A total of 184 surgically resected human glioma specimens were collected in the Department of Neurosurgery, the First Affiliated Hospital, Zhengzhou University, between 2011 and 2019. Among 184 patients, 115 (62.5%) were males and 69 (37.5%) were females. According to the WHO classification of CNS tumors (Wesseling and Capper, 2018), the collected neoplasms were classified as follows: 144 patients with grade III gliomas (including 2 astrocytoma, 109 anaplastic astrocytoma, 17 anaplastic oligoglioma, 4 oligoastrocytoma, 3 anaplastic oligoastrocytoma, and 9 anaplastic ependymoma) and 40 patients with GBM (grade IV). Collected clinical data included the gender, tumor location, histology, cell origin, tumor grade, clinical surgery status, and radiochemotherapy status. All tissues were snap-frozen in liquid nitrogen and stored at −80°C after resection. The clinicopathological features and surgery status of the patients are summarized in Table 1.


TABLE 1. Association of PLAGL2 expression in human glioma tissues with different clinicopathological features.

Ethics Approval and Consent to Participate

The current study was approved by the Ethics Committees of the First Affiliated Hospital of Zhengzhou University before the clinical information was used for research purposes, and written informed consent was obtained from all participants. All study procedures were carried out in accordance with the ethical standards of the Helsinki Declaration.


To block the endogenous peroxidase activity, the sections from 4% formalin-fixed and paraffin-embedded tissue blocks were dewaxed in xylene, rehydrated using graded concentration ethanol, and soaked in 0.3% hydrogen peroxide, which were cut into 5 μm-thick sections. Then, the tissue sections were rinsed in PBS. After having blocked in 10% goat serum (Gibco, Waltham, MA, USA) for nonspecific reactions, the sections were incubated with the anti-PLAGL2 polyclonal antibody (1:100, Abcam, Cambridge, MA, USA) overnight at 4°C. Negative control slides were processed in parallel with a nonspecific IgG. After washing, the sections were incubated with horse reddish peroxidase (HRP)-labeled anti-rabbit secondary antibody (Santa Cruz, CA, USA) for 1 h at room temperature. The slides were subjected to staining with 3, 30-diaminobenzidine solution and briefly counterstained with hematoxylin. Finally, the sections were rehydrated with xylene and ethanol, mounted in mounting resin, and examined with a microscope.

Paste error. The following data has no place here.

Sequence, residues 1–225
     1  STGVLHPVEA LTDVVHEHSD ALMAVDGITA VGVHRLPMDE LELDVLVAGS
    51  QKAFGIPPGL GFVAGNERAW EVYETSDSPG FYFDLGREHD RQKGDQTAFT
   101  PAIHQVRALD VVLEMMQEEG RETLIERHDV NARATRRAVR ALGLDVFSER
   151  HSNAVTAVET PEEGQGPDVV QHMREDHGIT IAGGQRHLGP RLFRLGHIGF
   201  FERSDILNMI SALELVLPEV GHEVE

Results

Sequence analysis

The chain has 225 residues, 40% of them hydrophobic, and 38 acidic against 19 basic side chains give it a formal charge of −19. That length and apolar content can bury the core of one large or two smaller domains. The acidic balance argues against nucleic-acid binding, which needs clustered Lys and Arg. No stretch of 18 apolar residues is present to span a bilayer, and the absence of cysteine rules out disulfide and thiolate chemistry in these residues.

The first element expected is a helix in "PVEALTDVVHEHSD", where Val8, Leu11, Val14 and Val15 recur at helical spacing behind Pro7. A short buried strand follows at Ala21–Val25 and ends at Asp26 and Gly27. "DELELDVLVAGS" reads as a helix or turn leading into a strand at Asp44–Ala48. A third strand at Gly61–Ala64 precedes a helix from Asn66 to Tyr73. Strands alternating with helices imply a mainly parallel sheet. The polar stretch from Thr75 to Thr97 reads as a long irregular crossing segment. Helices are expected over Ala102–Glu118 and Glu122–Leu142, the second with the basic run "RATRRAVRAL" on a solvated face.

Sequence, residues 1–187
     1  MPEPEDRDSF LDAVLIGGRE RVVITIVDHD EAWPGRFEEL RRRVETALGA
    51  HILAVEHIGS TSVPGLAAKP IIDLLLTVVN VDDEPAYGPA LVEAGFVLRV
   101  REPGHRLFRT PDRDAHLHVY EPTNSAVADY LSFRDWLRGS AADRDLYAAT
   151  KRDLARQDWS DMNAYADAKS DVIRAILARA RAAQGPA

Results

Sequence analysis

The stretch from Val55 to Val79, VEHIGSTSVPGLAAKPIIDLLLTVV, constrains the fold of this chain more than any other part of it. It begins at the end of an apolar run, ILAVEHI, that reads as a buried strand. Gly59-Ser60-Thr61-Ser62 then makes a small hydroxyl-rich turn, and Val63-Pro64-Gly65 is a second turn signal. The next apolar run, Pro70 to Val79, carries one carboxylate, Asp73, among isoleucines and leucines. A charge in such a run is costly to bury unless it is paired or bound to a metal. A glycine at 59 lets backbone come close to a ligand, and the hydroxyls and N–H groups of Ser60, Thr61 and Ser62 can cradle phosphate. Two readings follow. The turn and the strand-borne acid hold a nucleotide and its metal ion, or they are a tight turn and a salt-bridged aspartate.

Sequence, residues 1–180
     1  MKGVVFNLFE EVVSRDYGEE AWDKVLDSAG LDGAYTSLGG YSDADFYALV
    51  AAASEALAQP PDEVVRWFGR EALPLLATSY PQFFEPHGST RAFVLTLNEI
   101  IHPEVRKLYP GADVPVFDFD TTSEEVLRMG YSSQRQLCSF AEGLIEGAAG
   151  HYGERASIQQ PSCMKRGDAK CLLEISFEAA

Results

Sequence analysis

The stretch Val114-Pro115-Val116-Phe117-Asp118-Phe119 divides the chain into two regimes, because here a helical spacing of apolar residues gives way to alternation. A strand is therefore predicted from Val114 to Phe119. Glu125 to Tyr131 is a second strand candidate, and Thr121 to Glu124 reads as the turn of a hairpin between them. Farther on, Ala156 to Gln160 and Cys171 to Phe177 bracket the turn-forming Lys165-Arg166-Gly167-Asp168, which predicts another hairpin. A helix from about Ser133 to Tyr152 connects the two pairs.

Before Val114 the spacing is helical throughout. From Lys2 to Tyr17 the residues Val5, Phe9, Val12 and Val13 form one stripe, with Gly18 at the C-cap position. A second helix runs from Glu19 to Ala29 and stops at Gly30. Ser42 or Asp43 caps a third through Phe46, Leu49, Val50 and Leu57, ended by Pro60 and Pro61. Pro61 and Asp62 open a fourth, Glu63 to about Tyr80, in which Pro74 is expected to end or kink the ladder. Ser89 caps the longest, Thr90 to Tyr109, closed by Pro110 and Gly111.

Immunohistochemical Scoring

Two independent pathologists blinded to clinicopathological outcome calculated immunostaining reactions by multiplying the intensity and proportion of positive tumor cells. Briefly, the scores about the proportion of positive cells (0, <5%; 1, 6–50%; 2, >50%) and the scores about the staining intensity (0, no or weak staining; 1, moderate staining; and 2, strong staining) were combined. All the cases were divided into low expression and high expression subjected to the total score (median). Any discrepancy in the scoring was resolved by discussion between two pathologists in less than 10% of the examined slides, and an agreement was reached by rescoring the sections combined with a third pathologist in a multi-viewer microscope.

Cancer Cell Line Encyclopedia

Cancer Cell Line Encyclopedia (CCLE; was downloaded from Gene Expression Omnibus (GEO, series GSE36133) and was used to identify the alternation of the expression of PLAGL2 across various cancer types. The Affymetrix Human Genome U133 Plus 2.0 DNA microarray gene expressions of 84 CNS cell lines were downloaded from CCLE in March 2012. Robust multiarray average (RMA) normalization and gene expression values was performed. One-way ANOVA was used to compare the expression of PLAGL2 in different types of cancer cell lines (Barretina et al., 2012; Cancer Cell Line Encyclopedia Consortium and Genomics of Drug Sensitivity in Cancer Consortium, 2015).

ONCOMINE and GEO Analysis

The transcript level of PLAGL2 in glioma was ascertained by the ONCOMINE database (, with a threshold set as such that P < 1E − 4, fold change >2, top gene rank 10% (Rhodes et al., 2004). The mRNA levels of PLAGL2 in cancer tissues were in contrast with that in normal tissues. Two one-sided T-tests were used to evaluate the differences. The cut-off of p-value was defined as 0.01, and the cut-off of fold change value was identified as 1. The microarray data of patients with glioma were downloaded from the GEO ( public database under accession numbers GSE4290 and GSE53733 (Sun et al., 2006; Reifenberger et al., 2014).

TCGA and CGGA Database

Normalized RNAseq expression data and corresponding clinical material were obtained from two independent databases: The Cancer Genome Atlas (TCGA) and Chinese Glioma Genome Atlas (CGGA) were both downloaded from Gliovis ( (Bowman et al., 2017). TCGA is a public database (, which includes 29 cancer types, along with gene expression data and clinical information. Furthermore, a database (ID: mRNAseq 325) consisting of 325 glioma tissues with different grades (WHO I–IV) was downloaded from the CGGA (Wang et al., 2015; Liu et al., 2018). LGG and HGG were defined as WHO grades I–II and WHO grades III–IV according to the 2016 WHO classification of CNS tumors, respectively (Louis et al., 2021).

UALCAN and GEPIA Analysis

The UALCAN ( and GEPIA datasets ( of TCGA gene expression were used to analyze the expression of PLAGL2 in GBM tissues and normal tissues (Asati et al., 2016). Two one-sided t-tests were used to evaluate the differences.

Human Protein Atlas Dataset

PLAGL2 were analyzed at the protein and RNA levels in the Human Protein Atlas (HPA) dataset (, which contained the immunohistochemistry staining images of 153 clinical GBM patients and their survival information with 54 females and 99 males (Pontén et al., 2008; Uhlen et al., 2017).

TIMER Database Analysis